The nuance of selecting the right word
“See, the best interpreters are part linguists, part diplomats. They have to know the politics behind each word,” Danny Hajek, National Public Radio reporter.
Try to put yourself in the shoes of a prospective customer.
How do you want him to feel when he visits and reads the copy on your website? Like you’re speaking directly to him? So he feels like you understand him, can relate to his concerns and have the knowledge to solve his problems?
Do you want him to think, “These people get me!”
Many writers inadvertently fail to foster these feelings online with a prospective customer. Let me explain the three reasons why and how you can fix it.
1. We do not believe the right word matters.
“Writing is easy. All you have to do is cross out the wrong words,” Mark Twain
When we edit our copy, if we think we only need to correct spelling and grammar, and then we’re good to go and publish, then we need to change our mindset. Words have the potential for good or for bad, or at a minimum, muddle the conversation. Just ask Igor Korchilov.
Korchilov knows the precise word matters from personal experience. He was featured in a National Public Radio (NPR) story about how interpreters work in highly stressful summits.
He was the Soviet interpreter in 1990 when former President George H.W. Bush and Soviet leader Mikhail Gorbachev were having nuclear negotiations. During the talks, there was a moment when Gorbachev appeared to change his position dramatically. Tension peaked among White House staff. What happened? Korchilov admitted on NPR he interpreted and said the wrong word. The mistake was quickly corrected, but Korchilov was contrite. He apologized to President Bush afterwards.
“He (President Bush) made a stern look, you know, put his arms in his pockets and said, relax; the good news is that you didn’t start World War III,” said Korchilov.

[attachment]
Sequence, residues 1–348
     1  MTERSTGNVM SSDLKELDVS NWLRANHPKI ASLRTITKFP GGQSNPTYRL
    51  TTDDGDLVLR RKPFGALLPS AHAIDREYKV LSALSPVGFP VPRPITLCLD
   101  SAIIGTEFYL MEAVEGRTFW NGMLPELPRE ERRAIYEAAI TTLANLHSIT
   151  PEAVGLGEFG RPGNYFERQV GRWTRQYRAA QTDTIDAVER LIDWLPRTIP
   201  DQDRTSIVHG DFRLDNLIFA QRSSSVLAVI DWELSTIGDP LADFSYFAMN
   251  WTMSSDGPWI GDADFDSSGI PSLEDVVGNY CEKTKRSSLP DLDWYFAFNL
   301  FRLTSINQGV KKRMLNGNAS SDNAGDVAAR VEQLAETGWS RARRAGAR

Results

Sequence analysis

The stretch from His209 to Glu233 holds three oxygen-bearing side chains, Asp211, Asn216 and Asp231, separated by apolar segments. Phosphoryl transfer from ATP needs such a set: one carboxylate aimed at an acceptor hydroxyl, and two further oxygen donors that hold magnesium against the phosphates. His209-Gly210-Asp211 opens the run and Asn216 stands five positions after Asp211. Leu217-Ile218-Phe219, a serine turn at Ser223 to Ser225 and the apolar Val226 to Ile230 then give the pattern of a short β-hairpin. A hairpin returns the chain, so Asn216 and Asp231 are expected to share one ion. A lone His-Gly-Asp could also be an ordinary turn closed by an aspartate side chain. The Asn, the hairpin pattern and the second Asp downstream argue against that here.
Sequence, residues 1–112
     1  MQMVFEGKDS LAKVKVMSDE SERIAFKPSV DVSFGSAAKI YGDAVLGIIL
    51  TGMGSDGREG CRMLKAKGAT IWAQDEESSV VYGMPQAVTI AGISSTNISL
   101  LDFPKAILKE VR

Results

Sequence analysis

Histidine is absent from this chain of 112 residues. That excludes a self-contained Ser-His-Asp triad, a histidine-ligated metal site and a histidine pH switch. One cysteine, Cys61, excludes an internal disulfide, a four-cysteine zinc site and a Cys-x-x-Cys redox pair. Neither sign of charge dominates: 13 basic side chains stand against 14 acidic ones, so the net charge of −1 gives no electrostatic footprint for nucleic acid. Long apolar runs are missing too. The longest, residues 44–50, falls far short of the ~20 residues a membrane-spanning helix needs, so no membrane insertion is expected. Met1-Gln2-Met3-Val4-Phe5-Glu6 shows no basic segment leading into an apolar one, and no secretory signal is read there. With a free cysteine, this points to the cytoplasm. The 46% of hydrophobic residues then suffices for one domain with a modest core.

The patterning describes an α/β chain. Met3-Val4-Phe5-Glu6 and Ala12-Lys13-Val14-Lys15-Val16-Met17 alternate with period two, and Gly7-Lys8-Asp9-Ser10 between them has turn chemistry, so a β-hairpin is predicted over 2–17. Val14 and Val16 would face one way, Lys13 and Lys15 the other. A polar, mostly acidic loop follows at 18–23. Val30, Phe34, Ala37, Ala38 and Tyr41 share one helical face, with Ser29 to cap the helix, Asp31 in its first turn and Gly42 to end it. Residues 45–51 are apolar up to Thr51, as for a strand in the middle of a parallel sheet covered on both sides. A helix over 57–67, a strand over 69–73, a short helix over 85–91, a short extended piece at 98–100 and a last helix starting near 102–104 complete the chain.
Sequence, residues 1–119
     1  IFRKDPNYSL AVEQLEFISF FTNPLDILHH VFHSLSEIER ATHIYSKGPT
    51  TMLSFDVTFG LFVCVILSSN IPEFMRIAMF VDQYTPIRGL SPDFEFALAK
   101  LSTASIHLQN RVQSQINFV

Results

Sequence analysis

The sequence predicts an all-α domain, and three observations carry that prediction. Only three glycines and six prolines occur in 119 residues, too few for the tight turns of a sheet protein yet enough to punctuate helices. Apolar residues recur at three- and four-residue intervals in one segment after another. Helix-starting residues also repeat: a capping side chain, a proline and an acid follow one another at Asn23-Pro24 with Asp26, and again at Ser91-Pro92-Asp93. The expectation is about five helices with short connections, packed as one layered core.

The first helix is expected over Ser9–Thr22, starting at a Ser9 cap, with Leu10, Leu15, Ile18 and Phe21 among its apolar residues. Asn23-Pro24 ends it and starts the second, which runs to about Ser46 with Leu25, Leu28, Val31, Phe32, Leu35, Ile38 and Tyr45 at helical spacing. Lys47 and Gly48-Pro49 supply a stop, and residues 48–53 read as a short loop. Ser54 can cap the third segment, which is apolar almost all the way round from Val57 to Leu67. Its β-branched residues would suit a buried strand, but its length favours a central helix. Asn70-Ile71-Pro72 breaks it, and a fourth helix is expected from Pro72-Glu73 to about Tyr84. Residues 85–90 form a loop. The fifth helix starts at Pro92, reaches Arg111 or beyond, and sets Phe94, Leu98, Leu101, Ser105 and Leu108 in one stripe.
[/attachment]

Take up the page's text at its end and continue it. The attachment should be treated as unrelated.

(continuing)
Each word spoken in international situations has political and break-out-into-war consequences. For us, online marketers, our errors may not risk such dire consequences. But the outcome we’re striving for is no less important: attract, rather than detract, our readers.
2. We use our language, and not their language.
“Use words your audience uses. … Use words that are familiar to your potential customer,” Ann Handley
We do this when we forget to pay attention to our reader’s level of awareness. I see marketing agencies’ websites also make this mistake. The agency team members assume people already know what “inbound marketing” or “SEO” or “account based marketing” means. The agencies also assume people care about these terms.
But we need to be mindful of a marketing manager’s background and responsibilities. When they “talk shop,” the conversation probably isn’t the same as the ones you’re having around the refrigerator in the office lunch room. In fact, their lingo may be foreign to you.
In essence, a language barrier exists. Familiarity with our products and services is one cause.